Ground-based stratospheric O 3 and HNO 3 measurements at Thule, Greenland: an intercomparison with Aura MLS observations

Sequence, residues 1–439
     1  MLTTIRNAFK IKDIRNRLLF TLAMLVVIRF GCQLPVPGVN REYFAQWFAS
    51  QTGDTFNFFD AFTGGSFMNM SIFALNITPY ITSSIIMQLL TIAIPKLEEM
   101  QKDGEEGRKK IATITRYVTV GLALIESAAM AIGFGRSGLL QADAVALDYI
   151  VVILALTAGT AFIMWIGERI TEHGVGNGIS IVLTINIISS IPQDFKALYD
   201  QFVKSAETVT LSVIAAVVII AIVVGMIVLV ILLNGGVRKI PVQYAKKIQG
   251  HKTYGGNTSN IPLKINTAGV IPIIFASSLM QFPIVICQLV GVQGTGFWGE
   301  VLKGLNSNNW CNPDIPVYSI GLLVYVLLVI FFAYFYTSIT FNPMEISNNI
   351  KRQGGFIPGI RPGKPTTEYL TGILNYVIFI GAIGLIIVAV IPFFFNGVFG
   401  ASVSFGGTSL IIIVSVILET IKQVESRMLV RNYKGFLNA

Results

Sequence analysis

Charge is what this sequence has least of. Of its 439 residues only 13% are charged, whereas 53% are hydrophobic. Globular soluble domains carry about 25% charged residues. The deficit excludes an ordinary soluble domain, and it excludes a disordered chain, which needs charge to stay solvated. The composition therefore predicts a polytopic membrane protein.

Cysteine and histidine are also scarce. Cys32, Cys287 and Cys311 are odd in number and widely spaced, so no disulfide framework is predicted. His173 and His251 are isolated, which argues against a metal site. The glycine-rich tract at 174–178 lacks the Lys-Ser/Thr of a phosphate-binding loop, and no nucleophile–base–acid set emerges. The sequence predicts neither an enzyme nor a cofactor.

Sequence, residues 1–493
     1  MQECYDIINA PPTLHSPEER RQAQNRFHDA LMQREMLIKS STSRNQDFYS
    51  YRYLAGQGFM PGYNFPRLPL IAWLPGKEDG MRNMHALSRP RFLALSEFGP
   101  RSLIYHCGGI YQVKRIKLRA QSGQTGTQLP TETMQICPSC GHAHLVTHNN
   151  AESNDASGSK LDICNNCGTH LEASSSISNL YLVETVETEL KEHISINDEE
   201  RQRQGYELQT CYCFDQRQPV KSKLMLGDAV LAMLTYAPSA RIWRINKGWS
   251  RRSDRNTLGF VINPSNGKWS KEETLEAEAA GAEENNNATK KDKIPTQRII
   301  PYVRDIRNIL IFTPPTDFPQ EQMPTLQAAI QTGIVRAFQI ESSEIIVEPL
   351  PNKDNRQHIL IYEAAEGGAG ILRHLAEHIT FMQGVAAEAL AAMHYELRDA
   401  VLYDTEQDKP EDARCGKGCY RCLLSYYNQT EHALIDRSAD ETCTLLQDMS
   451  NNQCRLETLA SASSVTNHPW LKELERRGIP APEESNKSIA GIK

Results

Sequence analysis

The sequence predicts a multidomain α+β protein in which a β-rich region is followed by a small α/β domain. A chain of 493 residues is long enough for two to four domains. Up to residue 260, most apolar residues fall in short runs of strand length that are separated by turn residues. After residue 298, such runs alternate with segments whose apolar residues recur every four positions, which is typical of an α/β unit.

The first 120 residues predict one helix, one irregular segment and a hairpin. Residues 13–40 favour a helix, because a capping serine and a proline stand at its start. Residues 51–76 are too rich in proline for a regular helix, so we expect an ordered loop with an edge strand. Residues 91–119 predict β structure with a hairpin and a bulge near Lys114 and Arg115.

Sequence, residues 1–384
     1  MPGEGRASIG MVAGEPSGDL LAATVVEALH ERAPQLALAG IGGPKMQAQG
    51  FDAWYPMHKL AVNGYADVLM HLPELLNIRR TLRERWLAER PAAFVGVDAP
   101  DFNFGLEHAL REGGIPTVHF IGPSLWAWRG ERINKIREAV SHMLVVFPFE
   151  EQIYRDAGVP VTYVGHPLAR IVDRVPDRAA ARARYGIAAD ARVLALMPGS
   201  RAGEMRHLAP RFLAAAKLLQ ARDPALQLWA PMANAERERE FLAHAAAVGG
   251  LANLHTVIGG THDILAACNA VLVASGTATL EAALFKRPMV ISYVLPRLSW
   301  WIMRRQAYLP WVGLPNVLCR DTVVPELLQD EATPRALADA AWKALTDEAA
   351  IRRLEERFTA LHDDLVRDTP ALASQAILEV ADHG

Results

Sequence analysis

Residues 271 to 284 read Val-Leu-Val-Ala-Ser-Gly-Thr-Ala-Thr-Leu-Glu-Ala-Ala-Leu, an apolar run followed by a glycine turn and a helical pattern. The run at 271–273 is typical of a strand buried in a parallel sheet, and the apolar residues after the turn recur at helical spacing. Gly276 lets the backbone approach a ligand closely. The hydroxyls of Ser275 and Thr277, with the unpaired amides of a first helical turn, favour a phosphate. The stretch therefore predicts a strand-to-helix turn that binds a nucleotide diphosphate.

In response to the need for improving our understanding of the evolution and the interannual variability of the winter Arctic stratosphere, in January 2009 a Ground-Based Millimeter-wave Spectrometer (GBMS) was installed at the Network for the Detection of Atmospheric Composition Change (NDACC) site in Thule (76.5° N, 68.8° W), Greenland. In this work, stratospheric GBMS O 3 and HNO 3 vertical profiles obtained from Thule during the winters 2010 (HNO 3 only), 2011 and 2012 are characterized and intercompared with co-located measurements of the Aura Microwave Limb Sounder (MLS) experiment. Using a recently developed algorithm based on Optimal Estimation, we find that the GBMS O 3 retrievals show good sensitivity (> 80%) to atmospheric variations between ~ 17 and ~ 50 km, where their 1σ uncertainty is estimated to be the larger of ~ 11% or 0.2 ppmv. Similarly, HNO 3 profiles can be considered for scientific use between ~ 17 and ~ 45 km altitude, with a 1σ uncertainty that amounts to the larger of 15% or 0.2 ppbv. Comparisons with Aura MLS version 3.3 observations show that, on average, GBMS O 3 mixing ratios are biased negatively with respect to MLS throughout the stratosphere, with differences ranging between ~ 0.3 ppmv (8%) and 0.9 ppmv (18%) in the 17–50 km vertical range. GBMS HNO 3 values display instead a positive bias with respect to MLS up to 26 km, reaching a maximum of ~ 1 ppbv (10%) near the mixing ratio profile peak. O 3 and HNO 3 values from the two datasets prove to be well correlated at all altitudes, although their correlations worsen at the lower end of the altitude ranges considered. Column contents of GBMS and MLS O 3 (from 20 km upwards) and HNO 3 (from 17 km upwards) correlate very well and indicate that GBMS measurements can provide valuable estimates of column interannual and seasonal variations for these compounds.